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The USPTO has recently issued an update to their training materials and guidance on subject matter eligibility. The new materials, which may be found here, contain a memo to US patent Examiners and some more examples in the life sciences area. There is an open ended comment period for the general public to make comments about patent subject matter eligibility topics (comments may be sent to email@example.com and will be uploaded for viewing onto the USPTO website). (more…)
A recent webinar about addressing section 101 issues in US patent prosecution following the Alice decision provided a handy overview of the best way to avoid and counter Alice objections and also helpfully highlighted the relevant USPTO patent eligibility examples to look at when drafting claims to different types of invention. A summary of some of the highlights of the webinar is presented below: (more…)
Are USPTO Examiners beginning to issue blanket “Alice” objections against software patent applications? How should such patent applications be presented? How might this develop going forward? And, what should we be doing (if anything) to address it?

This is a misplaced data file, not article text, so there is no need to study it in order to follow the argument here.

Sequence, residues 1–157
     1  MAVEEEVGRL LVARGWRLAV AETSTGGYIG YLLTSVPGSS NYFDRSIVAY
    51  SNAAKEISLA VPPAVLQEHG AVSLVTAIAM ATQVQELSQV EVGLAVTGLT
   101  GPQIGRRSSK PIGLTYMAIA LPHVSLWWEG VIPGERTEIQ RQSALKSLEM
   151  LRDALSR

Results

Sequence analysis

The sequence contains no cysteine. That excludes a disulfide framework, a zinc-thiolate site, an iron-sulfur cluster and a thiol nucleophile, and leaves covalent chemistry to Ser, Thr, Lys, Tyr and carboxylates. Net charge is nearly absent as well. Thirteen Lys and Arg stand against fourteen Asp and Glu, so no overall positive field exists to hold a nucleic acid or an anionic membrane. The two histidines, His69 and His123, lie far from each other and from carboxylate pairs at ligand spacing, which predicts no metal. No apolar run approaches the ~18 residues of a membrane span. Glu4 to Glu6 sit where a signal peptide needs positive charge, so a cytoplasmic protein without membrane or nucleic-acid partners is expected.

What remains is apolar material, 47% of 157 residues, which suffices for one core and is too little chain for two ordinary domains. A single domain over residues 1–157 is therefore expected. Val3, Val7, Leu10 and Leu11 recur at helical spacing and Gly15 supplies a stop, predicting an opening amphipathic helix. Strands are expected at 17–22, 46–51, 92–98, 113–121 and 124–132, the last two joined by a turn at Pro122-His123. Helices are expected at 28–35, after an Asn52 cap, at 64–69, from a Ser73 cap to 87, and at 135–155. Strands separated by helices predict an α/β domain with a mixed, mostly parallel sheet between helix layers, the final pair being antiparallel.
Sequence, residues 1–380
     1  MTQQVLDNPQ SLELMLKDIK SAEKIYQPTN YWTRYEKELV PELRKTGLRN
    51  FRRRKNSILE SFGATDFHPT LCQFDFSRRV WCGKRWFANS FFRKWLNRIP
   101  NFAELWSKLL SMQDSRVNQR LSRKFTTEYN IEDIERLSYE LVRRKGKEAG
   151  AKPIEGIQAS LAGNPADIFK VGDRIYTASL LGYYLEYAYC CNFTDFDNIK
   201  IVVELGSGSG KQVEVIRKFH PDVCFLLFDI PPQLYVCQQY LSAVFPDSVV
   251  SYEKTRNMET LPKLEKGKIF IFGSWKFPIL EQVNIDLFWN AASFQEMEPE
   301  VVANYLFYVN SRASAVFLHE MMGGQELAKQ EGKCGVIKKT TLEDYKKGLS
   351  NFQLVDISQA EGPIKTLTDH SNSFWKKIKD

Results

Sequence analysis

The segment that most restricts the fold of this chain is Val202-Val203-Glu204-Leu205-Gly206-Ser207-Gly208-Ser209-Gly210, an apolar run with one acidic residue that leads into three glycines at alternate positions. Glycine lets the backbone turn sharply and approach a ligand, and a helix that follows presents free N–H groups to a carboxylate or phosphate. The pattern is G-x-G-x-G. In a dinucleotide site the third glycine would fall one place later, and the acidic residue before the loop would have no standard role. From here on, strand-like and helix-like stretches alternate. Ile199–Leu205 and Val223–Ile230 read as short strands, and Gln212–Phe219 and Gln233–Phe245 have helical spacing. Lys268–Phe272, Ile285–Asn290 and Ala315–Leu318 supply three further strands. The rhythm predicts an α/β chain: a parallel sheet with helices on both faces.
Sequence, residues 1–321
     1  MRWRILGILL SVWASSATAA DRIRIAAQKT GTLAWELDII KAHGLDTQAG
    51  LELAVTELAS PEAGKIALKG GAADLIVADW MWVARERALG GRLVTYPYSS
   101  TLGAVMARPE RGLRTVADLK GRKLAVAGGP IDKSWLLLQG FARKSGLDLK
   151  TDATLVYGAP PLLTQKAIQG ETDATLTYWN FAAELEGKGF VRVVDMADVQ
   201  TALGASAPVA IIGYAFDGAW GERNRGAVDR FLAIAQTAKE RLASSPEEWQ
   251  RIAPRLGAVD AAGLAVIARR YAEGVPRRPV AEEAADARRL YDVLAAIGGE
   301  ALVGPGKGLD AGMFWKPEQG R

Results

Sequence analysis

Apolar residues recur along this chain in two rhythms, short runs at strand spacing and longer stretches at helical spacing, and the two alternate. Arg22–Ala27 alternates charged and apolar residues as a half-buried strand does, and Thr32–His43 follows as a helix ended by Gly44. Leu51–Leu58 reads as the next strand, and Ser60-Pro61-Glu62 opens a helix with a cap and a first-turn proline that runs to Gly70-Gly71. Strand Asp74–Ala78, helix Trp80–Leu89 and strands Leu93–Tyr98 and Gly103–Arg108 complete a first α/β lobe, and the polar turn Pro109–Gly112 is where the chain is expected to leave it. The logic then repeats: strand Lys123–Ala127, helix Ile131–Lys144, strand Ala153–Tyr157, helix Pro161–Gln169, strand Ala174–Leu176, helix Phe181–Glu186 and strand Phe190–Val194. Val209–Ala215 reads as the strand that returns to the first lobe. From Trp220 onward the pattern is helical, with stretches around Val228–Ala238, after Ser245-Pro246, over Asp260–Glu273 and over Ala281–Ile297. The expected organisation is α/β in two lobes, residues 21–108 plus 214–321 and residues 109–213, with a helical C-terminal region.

An eagle-eyed colleague here at Keltie (thank you Peter Kent) spotted a discussion online last week that suggested that, in the wake of the Alice v CLS Bank decision from the Supremes, Examiners at the USPTO might be beginning to issue blanket objections under 35 U.S.C. 101 to patent applications containing software-implemented inventions.
IPcopy reached out to William Jividen at Dinsmore & Shohl LLP in the US to see if this was the case. The discussion below has been distilled from Bill’s comments and other comments seen online. Any mistakes or inaccuracies may be attributed solely to me!
The US Supreme Court announced on Friday that it is to review the Alice Corp. v. CLS Bank Intl. case. The US Court of Appeal, of course, recently handed down its take on the case (see decision dated 10 May 2013 here) in which the 10 judge panel exhibited something of a split opinion.
At the recent AIPLA event in Washington Chief Judge Rader (one of the 10 judge CAFC panel on the Alice/CLS case) commented that he regarded that case as a personal failure and a failure of his institution (Court of Appeals for the Federal Circuit). Listening to other attorneys at AIPLA a number of feelings were expressed about the case including bafflement, frustration and the merest hint of “the End of Days”.